Read the rest of the article to find out how much the three receivers have made and why Robert Flanders is nervous about another legal cost the city could be facing.
In 2009, a total of 209 people passed the bar exam in Rhode Island. But the state is only expected to have about 102 legal job openings each year between 2010 and 2015, leaving a surplus of 107 lawyers, the study found.
Those numbers come from Economic Modeling Specialists Inc., a consulting firm, using data from the National Conference of Bar Examiners, the Bureau of Labor Statistics and the Census Bureau.
Rhode Island’s lawyer surplus is mirrored in nearly ever state. The only places without one were Nebraska, Wisconsin and Washington, D.C., the study said. So even if you’re planning to pass the bar here, it might not be a bad idea to take a class in agricultural law in case you land a job in the Cornhusker State.
Bonus fact: The median wage for a lawyer in Rhode Island is $39.65 an hour, compared with about $44 an hour in Massachusetts and Connecticut; $70.96 in Washington, D.C.; and $24.96 out in Montana.
One of Rhode Island’s best-known criminal defense lawyers has signed on to represent a co-defendant in the case against reputed former mob boss Luigi “Baby Shacks” Manocchio.
Providence lawyer Artin Coloian will defend Thomas Iafrate of Johnston, who was indicted along with Manocchio in January. Iafrate pleaded not guilty earlier this month to charges of racketeering extortion and conspiracy.
U.S. District Judge William Smith on Friday granted Coloian’s pro hac vice motion to represent Iafrate in the federal case. Iafrate has been represented up to now by Kevin Salvaggio, a former North Providence police officer who owns an eponymous law firm in Providence.
Coloian is no stranger to high-profile court cases. His other clients have included former Providence Mayor Buddy Cianci, reputed mobster Robert “Bobby” DeLuca, and the suspect in the hit-and-run accident that injured Providence City Councilman Terrence Hassett.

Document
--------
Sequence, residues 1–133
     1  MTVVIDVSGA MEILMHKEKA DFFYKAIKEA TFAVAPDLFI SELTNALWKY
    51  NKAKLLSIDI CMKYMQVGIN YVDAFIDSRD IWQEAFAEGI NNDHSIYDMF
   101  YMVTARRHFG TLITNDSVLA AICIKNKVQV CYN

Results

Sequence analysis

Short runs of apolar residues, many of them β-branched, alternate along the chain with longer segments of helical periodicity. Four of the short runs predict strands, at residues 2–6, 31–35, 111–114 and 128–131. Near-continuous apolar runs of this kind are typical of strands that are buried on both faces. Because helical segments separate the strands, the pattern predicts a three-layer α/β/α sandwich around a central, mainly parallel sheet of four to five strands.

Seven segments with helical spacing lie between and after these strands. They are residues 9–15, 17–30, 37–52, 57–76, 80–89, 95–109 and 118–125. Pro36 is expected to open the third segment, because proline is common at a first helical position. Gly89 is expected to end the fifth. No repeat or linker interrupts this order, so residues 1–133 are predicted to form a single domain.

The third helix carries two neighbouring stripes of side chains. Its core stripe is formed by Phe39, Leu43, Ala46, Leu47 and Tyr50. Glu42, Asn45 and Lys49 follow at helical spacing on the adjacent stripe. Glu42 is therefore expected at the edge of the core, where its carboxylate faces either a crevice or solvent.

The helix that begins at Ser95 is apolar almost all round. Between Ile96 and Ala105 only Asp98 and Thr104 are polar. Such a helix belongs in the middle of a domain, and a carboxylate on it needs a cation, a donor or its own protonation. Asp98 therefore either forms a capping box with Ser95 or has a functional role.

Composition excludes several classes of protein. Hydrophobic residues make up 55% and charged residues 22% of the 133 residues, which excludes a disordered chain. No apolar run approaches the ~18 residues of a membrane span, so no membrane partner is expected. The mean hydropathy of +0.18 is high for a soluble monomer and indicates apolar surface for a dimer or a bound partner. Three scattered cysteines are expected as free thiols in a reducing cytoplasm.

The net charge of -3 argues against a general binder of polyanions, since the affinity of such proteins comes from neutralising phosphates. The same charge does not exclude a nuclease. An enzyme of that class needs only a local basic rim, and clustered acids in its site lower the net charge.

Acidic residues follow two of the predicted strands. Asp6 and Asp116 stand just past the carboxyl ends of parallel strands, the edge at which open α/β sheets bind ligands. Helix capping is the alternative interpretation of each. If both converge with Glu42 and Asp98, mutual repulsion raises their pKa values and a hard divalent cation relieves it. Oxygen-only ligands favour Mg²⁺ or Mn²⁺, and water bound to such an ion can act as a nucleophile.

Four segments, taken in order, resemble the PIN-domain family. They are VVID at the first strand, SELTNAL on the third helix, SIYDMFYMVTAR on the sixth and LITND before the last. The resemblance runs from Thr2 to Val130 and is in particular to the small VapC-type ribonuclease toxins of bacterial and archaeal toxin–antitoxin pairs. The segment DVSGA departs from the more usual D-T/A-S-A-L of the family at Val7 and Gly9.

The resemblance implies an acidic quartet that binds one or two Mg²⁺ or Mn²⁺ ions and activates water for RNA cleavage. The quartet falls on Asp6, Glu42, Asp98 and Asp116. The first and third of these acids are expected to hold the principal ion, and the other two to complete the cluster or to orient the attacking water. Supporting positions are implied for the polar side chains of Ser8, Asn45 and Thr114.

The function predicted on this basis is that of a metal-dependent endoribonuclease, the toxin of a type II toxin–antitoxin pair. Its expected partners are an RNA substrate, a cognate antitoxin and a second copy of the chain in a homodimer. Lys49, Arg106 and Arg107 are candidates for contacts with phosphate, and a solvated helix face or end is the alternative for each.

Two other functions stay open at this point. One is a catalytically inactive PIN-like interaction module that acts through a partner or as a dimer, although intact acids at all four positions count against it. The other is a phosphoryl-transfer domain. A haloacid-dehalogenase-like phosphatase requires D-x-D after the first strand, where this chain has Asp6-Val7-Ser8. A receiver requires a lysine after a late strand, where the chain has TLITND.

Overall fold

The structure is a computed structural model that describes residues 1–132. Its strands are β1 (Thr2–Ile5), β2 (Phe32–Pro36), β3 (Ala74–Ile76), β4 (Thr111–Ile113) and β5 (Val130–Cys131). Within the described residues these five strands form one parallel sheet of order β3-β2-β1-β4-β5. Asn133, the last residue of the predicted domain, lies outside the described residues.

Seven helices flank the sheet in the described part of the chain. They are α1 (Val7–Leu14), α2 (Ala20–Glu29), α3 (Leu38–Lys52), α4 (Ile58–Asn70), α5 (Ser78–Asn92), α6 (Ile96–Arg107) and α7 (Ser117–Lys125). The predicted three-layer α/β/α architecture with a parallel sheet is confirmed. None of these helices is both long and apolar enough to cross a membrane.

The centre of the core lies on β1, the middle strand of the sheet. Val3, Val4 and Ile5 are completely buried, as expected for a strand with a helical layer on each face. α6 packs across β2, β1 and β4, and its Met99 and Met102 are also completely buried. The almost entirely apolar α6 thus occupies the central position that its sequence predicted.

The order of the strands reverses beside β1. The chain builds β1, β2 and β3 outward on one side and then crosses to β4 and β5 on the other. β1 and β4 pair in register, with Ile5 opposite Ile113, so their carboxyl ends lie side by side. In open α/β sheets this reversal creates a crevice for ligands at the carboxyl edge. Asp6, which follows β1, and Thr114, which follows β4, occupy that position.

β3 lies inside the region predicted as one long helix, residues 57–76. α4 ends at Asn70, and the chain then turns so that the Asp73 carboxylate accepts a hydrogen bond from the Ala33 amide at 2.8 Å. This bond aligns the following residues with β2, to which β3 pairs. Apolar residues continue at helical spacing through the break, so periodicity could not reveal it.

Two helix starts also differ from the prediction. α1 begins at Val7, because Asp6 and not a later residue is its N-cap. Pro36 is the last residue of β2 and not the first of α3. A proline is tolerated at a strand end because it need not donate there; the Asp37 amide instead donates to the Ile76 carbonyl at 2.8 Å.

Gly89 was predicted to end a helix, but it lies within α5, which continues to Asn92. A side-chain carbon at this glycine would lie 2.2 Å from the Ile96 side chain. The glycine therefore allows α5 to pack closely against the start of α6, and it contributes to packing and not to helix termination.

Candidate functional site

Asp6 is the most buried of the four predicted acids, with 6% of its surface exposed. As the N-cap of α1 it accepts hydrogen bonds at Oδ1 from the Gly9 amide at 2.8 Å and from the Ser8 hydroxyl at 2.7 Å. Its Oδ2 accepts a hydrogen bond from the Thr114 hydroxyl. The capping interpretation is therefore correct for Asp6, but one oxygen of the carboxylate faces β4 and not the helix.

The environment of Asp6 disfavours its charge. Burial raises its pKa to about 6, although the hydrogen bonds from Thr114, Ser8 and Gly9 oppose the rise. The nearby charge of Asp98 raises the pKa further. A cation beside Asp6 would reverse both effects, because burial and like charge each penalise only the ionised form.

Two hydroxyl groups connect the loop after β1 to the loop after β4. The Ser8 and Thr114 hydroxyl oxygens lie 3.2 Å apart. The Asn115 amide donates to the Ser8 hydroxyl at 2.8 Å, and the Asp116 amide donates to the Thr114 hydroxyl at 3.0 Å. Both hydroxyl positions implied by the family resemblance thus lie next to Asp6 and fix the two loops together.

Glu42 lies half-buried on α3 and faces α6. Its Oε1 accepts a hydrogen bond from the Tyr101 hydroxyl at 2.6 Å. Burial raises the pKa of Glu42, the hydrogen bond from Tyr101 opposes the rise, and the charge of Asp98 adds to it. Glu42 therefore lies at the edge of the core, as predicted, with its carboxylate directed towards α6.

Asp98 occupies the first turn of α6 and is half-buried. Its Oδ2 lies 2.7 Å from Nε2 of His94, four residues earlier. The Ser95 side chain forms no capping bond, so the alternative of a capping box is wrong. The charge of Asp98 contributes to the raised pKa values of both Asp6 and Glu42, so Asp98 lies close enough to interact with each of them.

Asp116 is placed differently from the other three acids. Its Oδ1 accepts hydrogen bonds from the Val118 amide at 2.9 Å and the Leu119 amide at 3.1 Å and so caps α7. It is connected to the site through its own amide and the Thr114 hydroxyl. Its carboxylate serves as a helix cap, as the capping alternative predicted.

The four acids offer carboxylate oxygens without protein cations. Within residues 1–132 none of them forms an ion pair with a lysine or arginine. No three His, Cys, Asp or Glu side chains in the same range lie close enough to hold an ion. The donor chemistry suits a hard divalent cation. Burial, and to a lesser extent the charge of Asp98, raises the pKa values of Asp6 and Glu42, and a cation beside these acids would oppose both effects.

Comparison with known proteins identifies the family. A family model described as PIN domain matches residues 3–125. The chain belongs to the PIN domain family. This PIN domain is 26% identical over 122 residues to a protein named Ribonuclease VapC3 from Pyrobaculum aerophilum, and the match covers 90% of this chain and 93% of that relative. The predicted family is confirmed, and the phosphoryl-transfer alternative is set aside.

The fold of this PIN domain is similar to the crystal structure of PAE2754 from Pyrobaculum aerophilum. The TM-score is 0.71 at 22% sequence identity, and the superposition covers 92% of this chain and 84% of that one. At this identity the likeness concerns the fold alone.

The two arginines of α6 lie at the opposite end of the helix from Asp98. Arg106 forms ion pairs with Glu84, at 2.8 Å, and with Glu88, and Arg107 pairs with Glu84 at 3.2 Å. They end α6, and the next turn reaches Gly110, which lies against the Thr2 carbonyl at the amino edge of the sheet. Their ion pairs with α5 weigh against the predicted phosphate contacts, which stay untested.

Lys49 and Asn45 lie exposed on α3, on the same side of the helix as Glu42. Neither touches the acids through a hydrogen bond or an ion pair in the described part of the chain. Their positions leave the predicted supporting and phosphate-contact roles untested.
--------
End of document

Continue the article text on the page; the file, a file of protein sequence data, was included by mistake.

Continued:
That was the question The New York Times asked over the weekend in a big story about whether it makes sense for law students to be taking on six-figure debt-loads to enter a field that’s apparently overcrowded already. (Slate published a similar, shorter piece in October.)
One of the issues highlighted by The Times is the questionable ways schools go about boosting and maintaing their spots in U.S. News and World Report’s annual rankings. Suffice to say, the statistics they provide about how many of their graduates are working and how much they’re making should be taken with a grain of salt:
In 1997, when U.S. News first published a statistic called “graduates known to be employed nine months after graduation,” law schools reported an average employment rate of 84 percent. In the most recent U.S. News rankings, 93 percent of grads were working — nearly a 10-point jump. …
Many schools, even those that have failed to break into the U.S. News top 40, state that the median starting salary of graduates in the private sector is $160,000. That seems highly unlikely, given that Harvard and Yale, at the top of the pile, list the exact same figure.
Rhode Island only has one law school, the private Roger Williams University School of Law in Bristol, which was established in 1993 and accredited by the ABA four years later. (The state isn’t likely to open a public law school anytime soon.) U.S. News doesn’t rank RWU Law numerically but classifies it as a fourth-tier program.
I pulled RWU’s latest employment report [pdf], which showed 82% of its 2009 graduates were employed nine months later. An additional 9% were pursuing another degree, while the rest were unemployed.
Nearly half of RWU Law graduates with a job were in private practice. Among the rest, 15% were clerking for a judge, 15% were in business, 11% were in government, 7% were doing public interest work and 2% were in academia.
The average first-year salary among the 159 graduates who responded to the survey was $66,074, while the median salary was $46,000. The Times story cautions that those numbers may be inflated by the fact that less successful graduates are also less likely to fill out the survey.
I suspect these numbers will keep improving for RWU as the school continues to establish itself and its graduates make names for themselves in law and politics – although it may also face a bit of regional competition now that Southern New England School of Law in Dartmouth has become part of UMass.
Update: Economist Michael Mandel points out one reason people are still going to law school: the legal sector was one of the relatively few that added jobs over the last 10 years.
A tipster e-mails to point out something I haven’t seen reported locally (though I may have missed it): the lawyer representing Bradley Manning, the U.S. Army private accused of providing WikiLeaks with thousands of classified government documents, is a local man.
Manning’s defense attorney is David E. Coombs, an Army defense counsel whose office is in Fall River who is also an adjunct professor at Roger Williams University School of Law. He has agreed to defend Manning for a flat fee of $100,000, according to Wired.
Coombs’ résumé [pdf] says he attended the University of Idaho – earning a bachelor’s in journalism, of all topics – and served in the Army Judge Advocate General Corps from 1997 to 2005. He then got his master of laws degree at The Judge Advocate General’s School in Virginia and subsequently spent three years as a professor there, except for a six-month stint as a judicial adviser in Iraq, before he left the service.